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Lazer 'Genesis' and 'Helium' Helmets
The 2010 version of the Lazer Genesis road edition helmet is the first biking helmet that solves a sweat-in-my-eyes problem without giving me a headache.
The top-of-helmet cinching dial mechanism is excellent, and it controls an inner band which wraps the entire head evenly, for great comfort, better than any helmet I’ve used.
Cold weather and a wool cap under the helmet
This is a BIG DEAL for me: this is the first helmet with which I can comfortably wear a thin wool hat under the helmet. The cinching mechanism is what makes this work. No longer do I have to suffer a headache from a poor fit as with other helmets.
OWC Drive Dock for backup drives or extra storage.
USB-C about $119
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Thunderbolt 2 + USB about $180
Sweat in eyes and on glasses
You see, I have mostly fuzz on the top of my head, so even in cool weather, sweat runs down into my eyes and onto my sunglasses, which makes it hard to see. And sweat stings, especially with sunblock in it. The sweat-in-eyes issue has really been my #1 cycling problem over the years!
I’ve tried headbands, but they all get hot and make the helmets fit too uncomfortably tight, if they fit at all. And they interfere with wearing sunglasses.
Not only that, but most helmets have a design that grips from the back half of the helmet only, but this does not yield a good fit for me. Helmets have always been a little annoying, and not quite a good fit for me.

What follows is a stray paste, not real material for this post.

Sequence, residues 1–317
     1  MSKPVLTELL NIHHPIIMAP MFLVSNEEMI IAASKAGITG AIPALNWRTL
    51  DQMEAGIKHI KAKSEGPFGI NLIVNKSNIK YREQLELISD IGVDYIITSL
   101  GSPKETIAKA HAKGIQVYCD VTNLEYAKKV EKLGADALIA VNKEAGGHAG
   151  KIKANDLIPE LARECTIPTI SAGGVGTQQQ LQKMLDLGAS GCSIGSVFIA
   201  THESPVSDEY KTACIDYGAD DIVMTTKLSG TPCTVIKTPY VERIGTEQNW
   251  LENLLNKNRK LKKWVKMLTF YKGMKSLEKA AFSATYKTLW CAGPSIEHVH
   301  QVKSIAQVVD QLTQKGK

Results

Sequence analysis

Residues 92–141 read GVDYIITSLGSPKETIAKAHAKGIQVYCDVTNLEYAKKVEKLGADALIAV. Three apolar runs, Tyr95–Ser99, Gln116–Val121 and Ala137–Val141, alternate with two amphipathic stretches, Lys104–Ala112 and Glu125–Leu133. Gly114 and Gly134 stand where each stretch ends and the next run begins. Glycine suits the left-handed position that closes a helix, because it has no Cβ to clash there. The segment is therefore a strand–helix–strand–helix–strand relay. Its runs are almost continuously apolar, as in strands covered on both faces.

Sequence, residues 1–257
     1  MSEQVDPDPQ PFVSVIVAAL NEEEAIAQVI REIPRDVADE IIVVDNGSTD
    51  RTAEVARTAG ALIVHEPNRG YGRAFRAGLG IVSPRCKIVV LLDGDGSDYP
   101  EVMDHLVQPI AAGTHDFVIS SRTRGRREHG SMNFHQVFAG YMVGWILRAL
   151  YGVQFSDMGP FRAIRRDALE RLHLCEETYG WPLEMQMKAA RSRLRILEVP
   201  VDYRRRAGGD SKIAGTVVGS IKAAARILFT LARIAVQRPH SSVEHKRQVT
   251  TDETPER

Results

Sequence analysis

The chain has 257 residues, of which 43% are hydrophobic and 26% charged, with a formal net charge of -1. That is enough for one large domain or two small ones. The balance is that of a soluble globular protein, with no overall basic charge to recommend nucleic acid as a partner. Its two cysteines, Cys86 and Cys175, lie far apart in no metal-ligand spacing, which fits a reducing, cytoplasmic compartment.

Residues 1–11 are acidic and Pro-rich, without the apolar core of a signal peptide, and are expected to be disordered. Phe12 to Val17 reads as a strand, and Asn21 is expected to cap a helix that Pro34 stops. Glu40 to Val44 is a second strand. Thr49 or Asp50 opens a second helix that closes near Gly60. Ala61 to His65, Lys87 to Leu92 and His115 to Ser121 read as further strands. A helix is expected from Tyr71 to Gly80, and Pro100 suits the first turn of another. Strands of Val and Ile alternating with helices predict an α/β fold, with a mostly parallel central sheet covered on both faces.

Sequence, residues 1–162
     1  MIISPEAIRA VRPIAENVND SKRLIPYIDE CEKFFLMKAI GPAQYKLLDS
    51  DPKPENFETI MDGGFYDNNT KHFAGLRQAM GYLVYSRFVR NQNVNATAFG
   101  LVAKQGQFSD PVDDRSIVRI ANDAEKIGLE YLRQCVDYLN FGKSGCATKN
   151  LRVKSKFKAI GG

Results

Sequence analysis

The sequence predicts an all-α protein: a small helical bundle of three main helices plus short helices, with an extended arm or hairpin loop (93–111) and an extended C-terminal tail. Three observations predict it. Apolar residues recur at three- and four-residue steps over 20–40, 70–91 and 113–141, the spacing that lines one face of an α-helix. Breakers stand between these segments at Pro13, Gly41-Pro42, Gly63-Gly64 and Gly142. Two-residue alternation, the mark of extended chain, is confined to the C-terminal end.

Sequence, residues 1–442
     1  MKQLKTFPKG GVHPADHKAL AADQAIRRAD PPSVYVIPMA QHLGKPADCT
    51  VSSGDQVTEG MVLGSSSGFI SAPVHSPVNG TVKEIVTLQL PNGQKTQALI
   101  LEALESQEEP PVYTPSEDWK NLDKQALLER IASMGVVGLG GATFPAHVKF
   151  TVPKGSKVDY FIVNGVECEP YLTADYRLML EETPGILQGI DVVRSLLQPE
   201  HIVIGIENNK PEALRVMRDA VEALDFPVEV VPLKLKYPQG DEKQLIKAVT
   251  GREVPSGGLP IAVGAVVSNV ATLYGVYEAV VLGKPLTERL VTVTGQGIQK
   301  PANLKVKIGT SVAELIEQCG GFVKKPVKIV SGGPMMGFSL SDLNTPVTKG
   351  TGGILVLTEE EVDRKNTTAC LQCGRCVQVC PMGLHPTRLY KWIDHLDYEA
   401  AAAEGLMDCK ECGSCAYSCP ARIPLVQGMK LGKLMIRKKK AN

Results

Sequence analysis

Along comes the Lazer Genesis. It solves both the fit and the sweat problem: a sweat absorbing band is attached to a ring that lines the interior of the helmet. Tighten that ring for a perfect and comfortable fit, and the sweat is soaked up by the band. I was skeptical, but I was pleasantly surprised that I’ve not yet had any sweat drip into my eyes or onto my glasses, at least not in temperatures up to 70° or so.
The weather has not been warm enough yet to say whether heavy sweating in 90-100° F temperatures would overwhelm the headband inside the helmet. But it’s certainly still going to be vastly better than any of the half a dozen helmets that I’ve used previously.
At about $170, it’s not cheap, but for anyone who spends time on the bike and has a sweat issue as I do, it’s worth every penny.
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I have one complaint about the Lazer Genesis: wind noise. Yes, when the speed hits 20+ miles per hour, there is constant wind noise from the helmet. I can live with this, but it is annoying, something that has to be tuned out.
I weighed the Lazer Genesis at 362 grams on my lab scale (L-XL size), quite a bit heavier than the nominal weight of 338g.
No apparent way to use a visor with the Lazer Genesis. But there is a mountain bike version with a visor.
Lazer offers a lighter Helium helmet, but it’s not built as solidly; the straps are flimsy, prone to flapping in the wind, and the plastic that the straps attach to is simply too flimsy in my view. I returned it; I prefer the Genesis.
And the Helium saves an inconsequential amount of weight— at 346 grams as weighed for the M/L model, it saves only 18g over my Genesis helmet.
Lazer needs to be more honest about their offerings, since the XXS-S size (one size down) is CLAIMED to be 265g, and no effort is made to quote the weight for someone with a normal-sized noggin.